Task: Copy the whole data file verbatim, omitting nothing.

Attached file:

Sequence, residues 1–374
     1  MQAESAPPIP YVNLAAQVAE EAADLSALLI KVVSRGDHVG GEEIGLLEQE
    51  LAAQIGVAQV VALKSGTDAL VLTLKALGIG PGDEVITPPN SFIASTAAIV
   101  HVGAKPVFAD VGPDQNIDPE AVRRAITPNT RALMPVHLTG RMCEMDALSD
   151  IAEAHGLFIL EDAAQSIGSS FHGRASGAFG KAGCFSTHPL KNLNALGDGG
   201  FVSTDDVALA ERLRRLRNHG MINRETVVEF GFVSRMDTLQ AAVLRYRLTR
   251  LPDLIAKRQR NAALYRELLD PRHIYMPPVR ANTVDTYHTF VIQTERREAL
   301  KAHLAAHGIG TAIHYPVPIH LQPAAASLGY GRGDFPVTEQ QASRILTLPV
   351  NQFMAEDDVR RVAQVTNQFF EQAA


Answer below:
Sequence, residues 1–374
     1  MQAESAPPIP YVNLAAQVAE EAADLSALLI KVVSRGDHVG GEEIGLLEQE
    51  LAAQIGVAQV VALKSGTDAL VLTLKALGIG PGDEVITPPN SFIASTAAIV
   101  HVGAKPVFAD VGPDQNIDPE AVRRAITPNT RALMPVHLTG RMCEMDALSD
   151  IAEAHGLFIL EDAAQSIGSS FHGRASGAFG KAGCFSTHPL KNLNALGDGG
   201  FVSTDDVALA ERLRRLRNHG MINRETVVEF GFVSRMDTLQ AAVLRYRLTR
   251  LPDLIAKRQR NAALYRELLD PRHIYMPPVR ANTVDTYHTF VIQTERREAL
   301  KAHLAAHGIG TAIHYPVPIH LQPAAASLGY GRGDFPVTEQ QASRILTLPV
   351  NQFMAEDDVR RVAQVTNQFF EQAA